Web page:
KeyBank Return
Live Simulation Replaces Aging, Costly Training Region

Project Summary

  • Industry: Banking
  • Target Audience: All new hire tellers in branches nationwide
  • Challenges:
    • Discontinued training region that previously provided hands-on practice in Teller21(Argo™) banking system
    • Required reduction of overall classroom time for new hire tellers, as well as more effective use of that time
    • Same depth and quality as the previous hands-on training required in E-learning


  • Solutions:
    • Scenario-based E-learning courses that provide hands-on practice and skill-based assessments focused on tasks new tellers need for success
    • Classroom training centered around role-plays within the actual job context for advanced practice
    • Coaching program that ensures transfer of skills from training to the job
  • Results:
    • Successfully replaced training region with a task-based curriculum built around system simulations and job context
    • Provides learners with a complete "journey to teller excellence" and provides bank leadership with more cost-effective new hire training

Project Description


KeyBank is one of the largest bank-based financial services companies in the United States, with branches dispersed across 14 states. Training for newly hired tellers in each branch were conducted in a "training region," a replication of the Argo™ banking platform found in KeyBank branches, housed in a duplicate system that tellers could use for practice.

Maintaining two versions of the Argo™ platform, rebranded by KeyBank as Teller21, was not sustainable. KeyBank leadership made the decision to discontinue their training region for Teller21. As a result, they required a training solution that would provide tellers with "real world" skill practice as part of the teller curriculum, allowing tellers to make mistakes in a risk-free environment without losing the quality offered by a simulation lab experience.

Additionally, KeyBank conducted a thorough evaluation of their current new hire teller training program for Teller21, which identified further opportunities for curriculum design revisions. Concerns for stakeholders included how to best make use of classroom time and how to enforce completion of all curriculum components throughout the journey.


Handshaw designed and developed a complete, blended new hire teller curriculum for KeyBank. The curriculum is task-based, focusing on teaching tasks as close to the actual job context as possible - behind the teller line. Topics are integrated within curriculum components so that tellers can understand how concepts relate to job tasks. Additionally, the curriculum is organized into four phases: pre-work, classroom, additional work, and coaching, so that frequently performed and critical tasks are taught immediately, while less frequent and critical tasks are taught over a specified time period on the job.

Design Considerations

After an extensive analysis and design phase, Handshaw developed a blended learning curriculum for new tellers. The curriculum includes 11 E-learning courses for the pre-work phase and 10 for the additional work phase. Courses present learners with clients who have business needs that tellers must meet using Teller21. Learners are given a demonstration of how to complete a task, and then are provided with opportunities for hands-on practice in a simulated environment. Learners are presented with the necessary transaction materials, such as simulations of checks, deposit tickets, and driver's licenses. Multiple tries are permitted, with specific feedback given for incorrect actions. Courses complete with a task-based assessment that tellers are required to pass before continuing to the next course.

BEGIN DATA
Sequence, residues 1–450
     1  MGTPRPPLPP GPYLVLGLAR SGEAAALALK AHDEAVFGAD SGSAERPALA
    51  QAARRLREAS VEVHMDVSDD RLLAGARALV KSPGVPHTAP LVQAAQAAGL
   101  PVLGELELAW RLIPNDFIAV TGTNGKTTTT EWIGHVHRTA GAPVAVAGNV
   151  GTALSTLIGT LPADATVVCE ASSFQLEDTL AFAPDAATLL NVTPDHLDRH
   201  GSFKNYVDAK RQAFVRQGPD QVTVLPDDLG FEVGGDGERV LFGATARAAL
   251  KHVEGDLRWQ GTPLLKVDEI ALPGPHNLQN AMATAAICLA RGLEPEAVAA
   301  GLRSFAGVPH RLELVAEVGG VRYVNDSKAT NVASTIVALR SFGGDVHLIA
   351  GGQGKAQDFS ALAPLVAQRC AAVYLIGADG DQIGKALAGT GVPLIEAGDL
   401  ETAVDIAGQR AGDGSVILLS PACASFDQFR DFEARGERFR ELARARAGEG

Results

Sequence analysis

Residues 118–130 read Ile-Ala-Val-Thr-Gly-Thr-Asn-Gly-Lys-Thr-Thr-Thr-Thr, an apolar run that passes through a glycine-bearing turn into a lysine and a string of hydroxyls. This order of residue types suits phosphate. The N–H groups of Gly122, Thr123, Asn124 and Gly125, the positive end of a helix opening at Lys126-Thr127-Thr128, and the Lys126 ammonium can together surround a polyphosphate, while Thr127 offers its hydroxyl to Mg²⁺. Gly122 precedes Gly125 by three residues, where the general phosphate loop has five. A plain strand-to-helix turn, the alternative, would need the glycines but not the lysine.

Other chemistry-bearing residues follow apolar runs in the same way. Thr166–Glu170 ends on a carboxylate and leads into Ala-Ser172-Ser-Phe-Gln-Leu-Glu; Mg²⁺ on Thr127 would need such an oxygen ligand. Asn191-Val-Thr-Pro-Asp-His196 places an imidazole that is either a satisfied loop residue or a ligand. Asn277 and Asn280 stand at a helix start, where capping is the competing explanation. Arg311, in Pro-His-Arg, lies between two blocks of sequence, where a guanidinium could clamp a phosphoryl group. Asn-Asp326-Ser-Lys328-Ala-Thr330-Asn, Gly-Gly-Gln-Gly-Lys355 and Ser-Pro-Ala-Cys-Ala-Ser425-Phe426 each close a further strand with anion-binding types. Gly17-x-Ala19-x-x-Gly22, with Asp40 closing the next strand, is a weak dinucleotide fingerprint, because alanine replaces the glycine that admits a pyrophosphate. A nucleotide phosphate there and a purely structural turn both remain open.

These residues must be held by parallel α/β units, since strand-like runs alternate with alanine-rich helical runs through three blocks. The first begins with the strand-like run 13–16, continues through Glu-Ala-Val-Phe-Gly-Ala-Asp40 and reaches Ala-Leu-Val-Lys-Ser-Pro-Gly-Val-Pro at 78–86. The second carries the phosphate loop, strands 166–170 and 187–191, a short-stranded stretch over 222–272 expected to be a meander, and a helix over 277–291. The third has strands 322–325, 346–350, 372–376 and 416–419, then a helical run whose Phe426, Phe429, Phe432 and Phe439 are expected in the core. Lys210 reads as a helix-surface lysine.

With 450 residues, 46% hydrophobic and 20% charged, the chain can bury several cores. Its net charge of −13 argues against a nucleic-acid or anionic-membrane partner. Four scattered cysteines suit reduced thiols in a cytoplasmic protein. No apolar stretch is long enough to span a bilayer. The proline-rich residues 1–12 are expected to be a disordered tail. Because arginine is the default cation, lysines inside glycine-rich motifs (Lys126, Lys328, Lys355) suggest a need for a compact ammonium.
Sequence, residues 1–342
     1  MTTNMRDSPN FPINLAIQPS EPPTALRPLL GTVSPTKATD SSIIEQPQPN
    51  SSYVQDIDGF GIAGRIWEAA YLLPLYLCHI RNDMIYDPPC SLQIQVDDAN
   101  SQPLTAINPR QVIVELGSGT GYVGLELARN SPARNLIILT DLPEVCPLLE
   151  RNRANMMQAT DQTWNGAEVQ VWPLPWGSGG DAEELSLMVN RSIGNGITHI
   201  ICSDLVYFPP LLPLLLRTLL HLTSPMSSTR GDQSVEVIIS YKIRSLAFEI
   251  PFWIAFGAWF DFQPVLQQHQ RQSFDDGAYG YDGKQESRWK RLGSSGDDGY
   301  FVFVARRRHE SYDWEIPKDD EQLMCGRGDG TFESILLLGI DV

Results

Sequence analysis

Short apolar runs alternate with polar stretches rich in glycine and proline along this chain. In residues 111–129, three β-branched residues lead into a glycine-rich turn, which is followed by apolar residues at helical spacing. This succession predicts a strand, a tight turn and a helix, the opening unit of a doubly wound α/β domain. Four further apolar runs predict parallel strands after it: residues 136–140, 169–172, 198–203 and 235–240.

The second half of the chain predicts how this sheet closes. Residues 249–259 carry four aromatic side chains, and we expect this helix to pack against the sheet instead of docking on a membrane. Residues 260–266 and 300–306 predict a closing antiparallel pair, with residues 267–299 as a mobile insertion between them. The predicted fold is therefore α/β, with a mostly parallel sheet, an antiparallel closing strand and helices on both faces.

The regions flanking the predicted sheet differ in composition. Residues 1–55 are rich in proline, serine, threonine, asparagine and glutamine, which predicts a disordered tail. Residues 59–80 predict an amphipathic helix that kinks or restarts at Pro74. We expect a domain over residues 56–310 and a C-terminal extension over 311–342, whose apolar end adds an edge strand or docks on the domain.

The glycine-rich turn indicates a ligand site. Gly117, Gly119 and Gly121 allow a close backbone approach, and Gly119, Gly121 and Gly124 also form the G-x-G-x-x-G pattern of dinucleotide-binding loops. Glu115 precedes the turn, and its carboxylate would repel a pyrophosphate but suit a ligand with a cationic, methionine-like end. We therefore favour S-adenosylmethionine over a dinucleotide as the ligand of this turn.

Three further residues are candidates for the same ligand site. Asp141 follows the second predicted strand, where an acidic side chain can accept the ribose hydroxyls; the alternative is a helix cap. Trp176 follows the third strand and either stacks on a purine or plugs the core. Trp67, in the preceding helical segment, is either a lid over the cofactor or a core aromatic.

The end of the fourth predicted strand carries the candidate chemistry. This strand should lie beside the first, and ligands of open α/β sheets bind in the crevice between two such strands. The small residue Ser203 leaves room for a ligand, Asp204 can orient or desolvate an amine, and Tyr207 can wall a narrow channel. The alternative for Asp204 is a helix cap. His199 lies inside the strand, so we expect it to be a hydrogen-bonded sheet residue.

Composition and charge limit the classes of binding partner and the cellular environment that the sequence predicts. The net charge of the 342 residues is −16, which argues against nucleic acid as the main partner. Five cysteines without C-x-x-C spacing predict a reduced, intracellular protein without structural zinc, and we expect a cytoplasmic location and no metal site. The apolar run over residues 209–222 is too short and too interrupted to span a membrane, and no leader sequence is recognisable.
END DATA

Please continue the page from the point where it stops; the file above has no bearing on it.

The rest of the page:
A classroom session follows pre-work. Here, learners continue their hands-on practice in an environment even closer to the actual job context - working behind teller stations with other learners role-playing as clients. Handshaw developed Teller21 system simulations and paper documents to support more than 40 role-play scenarios. Tellers are then evaluated by their peers and instructor using a performance checklist.

The final component of the program is a coaching program that provides guidance for ensuring complete transition from the training curriculum to on-the-job performance.

Development and Implementation

Handshaw began development by building a prototype of all training materials and testing each design with a group of new hire tellers. Specifically for the instructor-led training piece, multiple strategies were tested, feedback collected, and the best design approach was selected for production.

E-learning courses and system simulations for classroom training were then developed based on the prototype using Adobe Captivate® and Lumenix® Developer. Courses are housed in KeyBank's LMS and tracked for completion. Additionally, coaching materials include measures to ensure that coaches sign off on completion of these modules.

Handshaw worked with KeyBank's instructional designers to transfer knowledge of the curriculum design and development process to enable them to take ownership of the training and make any future updates or changes internally. Handshaw designers conducted an in-person session where Handshaw and KeyBank co-developed three additional work courses.


KeyBank has successfully replaced their discontinued Teller21 training region with a blended curriculum built around system simulations and job context. KeyBank continues to get positive feedback on the effectiveness of the training program, particularly from learners and instructors regarding the simulated job context in the classroom training.